Long term postischemic stroke mortality in diabetes: A veteran cohort analysis

Masoor Kamalesh, Jianzhao Shen, George J. Eckert

Research output: Contribution to journalArticle

35 Citations (Scopus)

Abstract

Background and Purpose: Recent data on stroke mortality in diabetics in the United States is lacking. We investigated trends in diabetes prevalence and stroke morality among diabetics in a large veteran cohort. Methods: The Patient Treatment File was used to identify all patients discharged from any Veterans hospital between October 1990 and September 1997 with a diagnosis of ischemic stroke (ICD-9-CM codes 434, 436) listed as primary diagnosis. Demographic, morbidity, and mortality data were recorded. Chi-square tests were used to examine differences between diabetics and nondiabetics, and t tests were used for continuous variables. Cox proportional hazards regression was used to examine the effects of diabetes (DM) on the survival times controlling for multiple covariates. Results: Of 48 733 ischemic stroke patients identified, 98% were male and 13 925 (25%) had DM. Mean age was similar between DM and non-DM (67.2 versus 67.5, P≤NS). Prevalence of DM among stroke subjects increased from 25% to 31%. Charlson index >2 was much higher in DM (68.2% versus 47.9%, P<0.001). Mortality at 60 days and 1 year was similar in both groups (2.9 versus 2.7%, P≤NS; 12.6 versus 13.1, P≤NS). Kaplan-Meier survival plot showed that DM had shorter long term survival time (log-rank, P<0.001). Multivariate Cox proportional hazards regression showed a higher risk of death for diabetics (HR≤1.15, 95% CI 1.11 to 1.19, P<0.001). Conclusion: Despite greater comorbidity, postacute ischemic stroke mortality at 60 days and 1 year is not different between subjects with and without DM. Long term mortality after stroke is much lower among DM than that reported in older studies.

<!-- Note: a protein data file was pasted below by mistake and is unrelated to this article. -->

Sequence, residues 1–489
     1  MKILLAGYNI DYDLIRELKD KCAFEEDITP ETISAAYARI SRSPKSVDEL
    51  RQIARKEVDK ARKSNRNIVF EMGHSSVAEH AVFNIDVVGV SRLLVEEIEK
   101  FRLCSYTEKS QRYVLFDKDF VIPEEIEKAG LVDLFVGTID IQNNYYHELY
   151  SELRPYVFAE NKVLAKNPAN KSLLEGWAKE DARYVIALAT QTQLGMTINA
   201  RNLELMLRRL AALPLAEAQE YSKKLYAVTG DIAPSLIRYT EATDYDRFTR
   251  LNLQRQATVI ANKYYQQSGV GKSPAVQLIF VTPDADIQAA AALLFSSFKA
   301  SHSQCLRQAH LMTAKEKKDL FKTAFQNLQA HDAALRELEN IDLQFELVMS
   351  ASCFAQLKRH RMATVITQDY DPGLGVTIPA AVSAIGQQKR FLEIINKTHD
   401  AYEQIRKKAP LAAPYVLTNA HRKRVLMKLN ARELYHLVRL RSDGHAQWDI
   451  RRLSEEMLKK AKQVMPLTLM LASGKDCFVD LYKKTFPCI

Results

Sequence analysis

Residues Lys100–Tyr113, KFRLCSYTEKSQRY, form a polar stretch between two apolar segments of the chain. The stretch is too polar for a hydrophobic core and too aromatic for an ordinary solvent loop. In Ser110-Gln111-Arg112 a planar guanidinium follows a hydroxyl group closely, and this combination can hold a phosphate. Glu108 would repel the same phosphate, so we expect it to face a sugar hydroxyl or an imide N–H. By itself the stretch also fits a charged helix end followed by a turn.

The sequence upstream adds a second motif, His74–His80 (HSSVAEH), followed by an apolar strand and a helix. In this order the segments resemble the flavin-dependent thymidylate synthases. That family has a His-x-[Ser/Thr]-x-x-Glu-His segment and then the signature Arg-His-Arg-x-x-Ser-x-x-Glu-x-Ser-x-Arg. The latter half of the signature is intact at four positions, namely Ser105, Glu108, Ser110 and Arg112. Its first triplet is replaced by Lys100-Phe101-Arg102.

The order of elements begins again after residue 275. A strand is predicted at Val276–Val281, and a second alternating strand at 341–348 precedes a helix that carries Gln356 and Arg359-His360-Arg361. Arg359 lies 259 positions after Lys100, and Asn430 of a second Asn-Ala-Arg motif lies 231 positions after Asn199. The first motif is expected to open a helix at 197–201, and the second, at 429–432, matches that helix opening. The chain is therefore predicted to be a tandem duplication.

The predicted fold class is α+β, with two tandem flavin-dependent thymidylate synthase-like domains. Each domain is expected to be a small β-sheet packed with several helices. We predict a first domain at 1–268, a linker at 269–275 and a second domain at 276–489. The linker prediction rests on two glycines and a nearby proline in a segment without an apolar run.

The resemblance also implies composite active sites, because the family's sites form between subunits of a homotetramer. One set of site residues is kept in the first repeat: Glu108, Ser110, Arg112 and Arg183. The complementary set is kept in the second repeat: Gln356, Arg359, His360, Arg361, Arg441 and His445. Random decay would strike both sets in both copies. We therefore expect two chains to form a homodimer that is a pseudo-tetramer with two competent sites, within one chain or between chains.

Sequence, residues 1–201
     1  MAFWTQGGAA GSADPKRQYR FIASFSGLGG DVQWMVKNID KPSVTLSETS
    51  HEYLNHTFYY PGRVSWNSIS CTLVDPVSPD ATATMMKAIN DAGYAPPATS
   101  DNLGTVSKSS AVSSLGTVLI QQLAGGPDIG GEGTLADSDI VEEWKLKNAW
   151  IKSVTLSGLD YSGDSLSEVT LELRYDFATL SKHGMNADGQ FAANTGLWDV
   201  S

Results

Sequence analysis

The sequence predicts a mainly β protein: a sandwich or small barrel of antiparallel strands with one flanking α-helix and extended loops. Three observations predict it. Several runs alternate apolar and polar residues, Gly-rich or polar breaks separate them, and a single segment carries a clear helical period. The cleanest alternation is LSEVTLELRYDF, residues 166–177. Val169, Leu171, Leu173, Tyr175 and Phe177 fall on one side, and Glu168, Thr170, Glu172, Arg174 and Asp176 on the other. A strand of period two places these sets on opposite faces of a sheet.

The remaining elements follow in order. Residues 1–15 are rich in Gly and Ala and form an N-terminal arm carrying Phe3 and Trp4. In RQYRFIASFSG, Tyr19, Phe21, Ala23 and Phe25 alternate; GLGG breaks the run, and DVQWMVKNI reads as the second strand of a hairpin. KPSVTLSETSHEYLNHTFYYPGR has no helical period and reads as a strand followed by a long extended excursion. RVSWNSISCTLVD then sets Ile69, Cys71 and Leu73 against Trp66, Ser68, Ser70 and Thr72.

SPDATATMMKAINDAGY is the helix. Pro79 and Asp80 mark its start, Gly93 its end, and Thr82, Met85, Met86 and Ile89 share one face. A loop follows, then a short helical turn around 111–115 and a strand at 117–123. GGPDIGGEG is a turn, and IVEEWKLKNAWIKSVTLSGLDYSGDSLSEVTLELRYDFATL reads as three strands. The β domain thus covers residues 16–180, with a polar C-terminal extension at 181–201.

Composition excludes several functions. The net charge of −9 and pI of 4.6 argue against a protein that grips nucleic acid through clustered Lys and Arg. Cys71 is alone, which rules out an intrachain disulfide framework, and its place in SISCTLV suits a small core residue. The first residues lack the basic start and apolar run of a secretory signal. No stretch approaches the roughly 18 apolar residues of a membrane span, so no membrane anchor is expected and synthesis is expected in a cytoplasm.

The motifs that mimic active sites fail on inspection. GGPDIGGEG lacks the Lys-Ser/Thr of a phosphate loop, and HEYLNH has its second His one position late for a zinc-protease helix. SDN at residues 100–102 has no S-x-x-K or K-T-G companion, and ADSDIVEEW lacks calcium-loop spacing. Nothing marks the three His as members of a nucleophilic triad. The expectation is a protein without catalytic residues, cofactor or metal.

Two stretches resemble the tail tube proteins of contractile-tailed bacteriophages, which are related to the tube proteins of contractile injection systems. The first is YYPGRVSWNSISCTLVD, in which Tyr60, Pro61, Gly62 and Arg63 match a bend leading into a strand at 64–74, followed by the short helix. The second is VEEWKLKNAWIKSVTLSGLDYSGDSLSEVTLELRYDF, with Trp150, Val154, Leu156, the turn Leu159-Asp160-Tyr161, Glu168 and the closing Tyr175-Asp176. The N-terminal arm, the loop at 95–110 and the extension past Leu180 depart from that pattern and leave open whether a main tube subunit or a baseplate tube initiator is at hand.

Original languageEnglish (US)
Pages (from-to)2727-2731
Number of pages5
JournalStroke
Volume39
Issue number10
DOIs
StatePublished - Oct 1 2008

Fingerprint

Veterans
Cohort Studies
Stroke
Mortality
Survival
Veterans Hospitals
International Classification of Diseases
Chi-Square Distribution
Comorbidity
Demography
Morbidity

Keywords

  • Diabetes
  • Mortality
  • Stroke

ASJC Scopus subject areas

  • Cardiology and Cardiovascular Medicine
  • Clinical Neurology
  • Advanced and Specialized Nursing
  • Medicine(all)

Cite this

Long term postischemic stroke mortality in diabetes : A veteran cohort analysis. / Kamalesh, Masoor; Shen, Jianzhao; Eckert, George J.

In: Stroke, Vol. 39, No. 10, 01.10.2008, p. 2727-2731.

Research output: Contribution to journalArticle

Kamalesh, Masoor ; Shen, Jianzhao ; Eckert, George J. / Long term postischemic stroke mortality in diabetes : A veteran cohort analysis. In: Stroke. 2008 ; Vol. 39, No. 10. pp. 2727-2731.
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abstract = "Background and Purpose: Recent data on stroke mortality in diabetics in the United States is lacking. We investigated trends in diabetes prevalence and stroke morality among diabetics in a large veteran cohort. Methods: The Patient Treatment File was used to identify all patients discharged from any Veterans hospital between October 1990 and September 1997 with a diagnosis of ischemic stroke (ICD-9-CM codes 434, 436) listed as primary diagnosis. Demographic, morbidity, and mortality data were recorded. Chi-square tests were used to examine differences between diabetics and nondiabetics, and t tests were used for continuous variables. Cox proportional hazards regression was used to examine the effects of diabetes (DM) on the survival times controlling for multiple covariates. Results: Of 48 733 ischemic stroke patients identified, 98{\%} were male and 13 925 (25{\%}) had DM. Mean age was similar between DM and non-DM (67.2 versus 67.5, P≤NS). Prevalence of DM among stroke subjects increased from 25{\%} to 31{\%}. Charlson index >2 was much higher in DM (68.2{\%} versus 47.9{\%}, P<0.001). Mortality at 60 days and 1 year was similar in both groups (2.9 versus 2.7{\%}, P≤NS; 12.6 versus 13.1, P≤NS). Kaplan-Meier survival plot showed that DM had shorter long term survival time (log-rank, P<0.001). Multivariate Cox proportional hazards regression showed a higher risk of death for diabetics (HR≤1.15, 95{\%} CI 1.11 to 1.19, P<0.001). Conclusion: Despite greater comorbidity, postacute ischemic stroke mortality at 60 days and 1 year is not different between subjects with and without DM. Long term mortality after stroke is much lower among DM than that reported in older studies.",
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